Written by Jinwan Cho
Since Donald Trump first took center stage in American politics as the Republican presidential candidate, the social divide lurking among us for so long finally stepped into the limelight, in the process elevating many extreme political views to mainstream status. Among those thrust into fame by this changing social and political atmosphere is Milo Yiannopoulos, a former editor at Breitbart News, a far-right news source catering to subscribers of alt-right ideology. His rhetoric, characterized by a general lack of consideration - from claiming that “rape stories are just a way for women to tell you they’ve been hit on” to comparing Ghostbusters star Leslie Jones to an ape - masked by an overzealous support of free speech, has generated not only censorship against him but also fervent adherents who venerate his apparent spearheading of the free speech movement.
On one hand, censorship against a man like Yiannopoulos does not seem surprising, given the general offensiveness and the lack of any factual basis in most of his statements. Just this past month, Yiannopoulos, invited to speak by the Berkeley College Republicans, was met by hundreds of Berkeley student protesters who barred his entrance into Martin Luther King, Jr. Student Union. Berkeley is one among many campuses around the globe that have participated in this “No Platform” movement to take away the platform for the dissemination of hateful rhetoric. Undoubtedly, to aid the spreading of the prejudice and lies that flow from the mouth and keystrokes of Yiannopoulos appears to be an injustice in itself, and the natural course of action is to simply prevent him from speaking.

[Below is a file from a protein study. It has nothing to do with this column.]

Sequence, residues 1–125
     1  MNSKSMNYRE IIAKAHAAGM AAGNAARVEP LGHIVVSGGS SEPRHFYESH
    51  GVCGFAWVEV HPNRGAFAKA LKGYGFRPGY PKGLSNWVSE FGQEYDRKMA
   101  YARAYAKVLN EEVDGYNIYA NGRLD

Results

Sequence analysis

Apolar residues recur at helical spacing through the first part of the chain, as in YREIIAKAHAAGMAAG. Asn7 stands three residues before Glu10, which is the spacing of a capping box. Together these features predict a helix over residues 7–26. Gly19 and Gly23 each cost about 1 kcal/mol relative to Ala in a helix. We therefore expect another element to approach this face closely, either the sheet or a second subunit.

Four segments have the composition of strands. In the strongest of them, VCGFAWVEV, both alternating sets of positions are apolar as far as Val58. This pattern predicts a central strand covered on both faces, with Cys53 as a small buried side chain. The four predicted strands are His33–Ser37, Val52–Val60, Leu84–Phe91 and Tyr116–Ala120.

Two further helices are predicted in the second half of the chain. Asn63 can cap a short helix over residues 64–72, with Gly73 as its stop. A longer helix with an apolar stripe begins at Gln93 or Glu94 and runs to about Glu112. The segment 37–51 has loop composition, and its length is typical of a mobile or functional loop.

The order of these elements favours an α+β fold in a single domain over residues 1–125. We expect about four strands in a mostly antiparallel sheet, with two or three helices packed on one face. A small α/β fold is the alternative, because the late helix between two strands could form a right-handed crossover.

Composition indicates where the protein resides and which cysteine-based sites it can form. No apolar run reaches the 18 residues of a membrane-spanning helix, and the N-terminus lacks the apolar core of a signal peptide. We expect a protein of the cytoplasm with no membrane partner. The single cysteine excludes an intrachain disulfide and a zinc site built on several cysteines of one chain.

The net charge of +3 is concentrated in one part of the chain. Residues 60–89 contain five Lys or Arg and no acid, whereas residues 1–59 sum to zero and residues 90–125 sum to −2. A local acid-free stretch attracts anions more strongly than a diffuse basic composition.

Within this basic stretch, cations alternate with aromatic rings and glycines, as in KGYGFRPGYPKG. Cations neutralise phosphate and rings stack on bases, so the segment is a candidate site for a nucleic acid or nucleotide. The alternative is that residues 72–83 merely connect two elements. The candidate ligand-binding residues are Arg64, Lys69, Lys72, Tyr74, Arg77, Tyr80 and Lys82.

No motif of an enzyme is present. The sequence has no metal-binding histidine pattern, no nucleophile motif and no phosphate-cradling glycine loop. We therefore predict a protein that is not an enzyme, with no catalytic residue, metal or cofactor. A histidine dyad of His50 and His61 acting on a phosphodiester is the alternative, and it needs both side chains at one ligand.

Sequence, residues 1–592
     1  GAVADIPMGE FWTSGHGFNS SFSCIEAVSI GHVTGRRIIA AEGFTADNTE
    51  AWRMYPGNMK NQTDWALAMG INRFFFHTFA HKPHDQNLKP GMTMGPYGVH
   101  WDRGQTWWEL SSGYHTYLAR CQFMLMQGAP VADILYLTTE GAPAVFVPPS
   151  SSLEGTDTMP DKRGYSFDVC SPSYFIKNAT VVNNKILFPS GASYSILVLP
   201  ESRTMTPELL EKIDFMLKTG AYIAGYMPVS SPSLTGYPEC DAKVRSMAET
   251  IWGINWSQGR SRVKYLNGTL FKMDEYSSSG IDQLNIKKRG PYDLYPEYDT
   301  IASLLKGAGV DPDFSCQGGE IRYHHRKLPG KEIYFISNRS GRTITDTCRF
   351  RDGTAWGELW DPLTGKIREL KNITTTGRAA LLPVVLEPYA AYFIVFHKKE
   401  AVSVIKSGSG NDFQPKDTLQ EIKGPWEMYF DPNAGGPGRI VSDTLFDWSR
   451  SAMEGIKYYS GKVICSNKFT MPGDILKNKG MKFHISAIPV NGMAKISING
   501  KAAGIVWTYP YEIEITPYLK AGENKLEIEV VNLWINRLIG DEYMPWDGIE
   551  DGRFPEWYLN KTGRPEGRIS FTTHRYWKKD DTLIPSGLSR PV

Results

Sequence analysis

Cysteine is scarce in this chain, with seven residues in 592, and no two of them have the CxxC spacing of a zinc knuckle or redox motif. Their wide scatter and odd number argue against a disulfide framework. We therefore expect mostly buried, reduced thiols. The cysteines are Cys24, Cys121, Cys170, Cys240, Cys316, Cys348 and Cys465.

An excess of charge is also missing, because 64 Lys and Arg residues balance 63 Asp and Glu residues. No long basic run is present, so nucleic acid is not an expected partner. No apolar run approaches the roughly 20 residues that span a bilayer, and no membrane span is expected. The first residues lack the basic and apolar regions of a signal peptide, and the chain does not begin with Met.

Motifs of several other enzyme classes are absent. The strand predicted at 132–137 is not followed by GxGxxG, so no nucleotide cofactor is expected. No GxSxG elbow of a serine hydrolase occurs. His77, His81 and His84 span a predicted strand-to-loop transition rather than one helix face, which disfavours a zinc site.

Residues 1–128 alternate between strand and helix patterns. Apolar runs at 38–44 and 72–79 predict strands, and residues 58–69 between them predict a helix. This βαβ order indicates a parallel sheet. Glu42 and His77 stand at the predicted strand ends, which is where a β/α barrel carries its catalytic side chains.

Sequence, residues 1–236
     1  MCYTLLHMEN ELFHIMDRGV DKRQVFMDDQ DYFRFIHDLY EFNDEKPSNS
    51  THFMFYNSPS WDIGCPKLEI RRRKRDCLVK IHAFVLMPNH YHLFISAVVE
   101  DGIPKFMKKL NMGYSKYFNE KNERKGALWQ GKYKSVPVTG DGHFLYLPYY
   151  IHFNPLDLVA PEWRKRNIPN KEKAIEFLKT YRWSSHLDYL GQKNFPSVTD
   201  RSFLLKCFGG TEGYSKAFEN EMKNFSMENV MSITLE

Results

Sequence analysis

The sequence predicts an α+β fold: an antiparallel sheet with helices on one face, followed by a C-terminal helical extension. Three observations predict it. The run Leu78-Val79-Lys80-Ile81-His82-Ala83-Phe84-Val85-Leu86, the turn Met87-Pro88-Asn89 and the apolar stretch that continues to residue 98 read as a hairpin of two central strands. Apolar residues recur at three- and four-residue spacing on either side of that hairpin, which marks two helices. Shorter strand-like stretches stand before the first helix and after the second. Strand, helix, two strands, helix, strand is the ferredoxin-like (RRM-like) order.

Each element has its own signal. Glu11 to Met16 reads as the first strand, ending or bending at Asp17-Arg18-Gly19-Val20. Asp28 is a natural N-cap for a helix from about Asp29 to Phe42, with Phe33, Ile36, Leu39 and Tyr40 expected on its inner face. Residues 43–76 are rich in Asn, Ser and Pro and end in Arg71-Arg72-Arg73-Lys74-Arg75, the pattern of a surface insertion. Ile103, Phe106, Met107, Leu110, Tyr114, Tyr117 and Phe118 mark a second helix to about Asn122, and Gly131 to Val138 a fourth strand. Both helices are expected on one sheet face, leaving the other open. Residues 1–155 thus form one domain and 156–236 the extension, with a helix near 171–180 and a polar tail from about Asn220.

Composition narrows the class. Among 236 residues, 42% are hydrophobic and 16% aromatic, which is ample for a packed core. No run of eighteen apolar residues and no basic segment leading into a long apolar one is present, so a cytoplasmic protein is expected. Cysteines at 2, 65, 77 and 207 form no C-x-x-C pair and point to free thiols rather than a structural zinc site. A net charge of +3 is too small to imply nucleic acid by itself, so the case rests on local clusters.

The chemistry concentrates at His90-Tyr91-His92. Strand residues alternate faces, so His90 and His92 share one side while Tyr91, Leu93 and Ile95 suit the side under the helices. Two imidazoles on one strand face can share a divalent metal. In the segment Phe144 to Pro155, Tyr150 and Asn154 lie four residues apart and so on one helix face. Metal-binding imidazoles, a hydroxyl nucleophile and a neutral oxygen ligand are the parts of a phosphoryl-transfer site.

On the other hand, given that he was invited to speak at Berkeley through the proper channels, any censorship - regardless of its just intentions - does violate Yiannopoulos’s right to free speech. Because freedom of speech guarantees one the right to speak one’s mind without fear of governmental or societal censorship, neither the offensiveness not the outright lack of factual evidence in Yiannopoulos’s statements preclude him from the right. Perhaps one could argue that his words are so inflammatory that they could be compared to yelling “Fire!” in a movie theater when there is in fact no fire, but I doubt such comparisons would hold up to any reasonable level of scrutiny. Ultimately, the point is that we cannot simultaneously tout our undying support of free speech while censoring the words of anyone, even those as contentious as Yiannopoulos.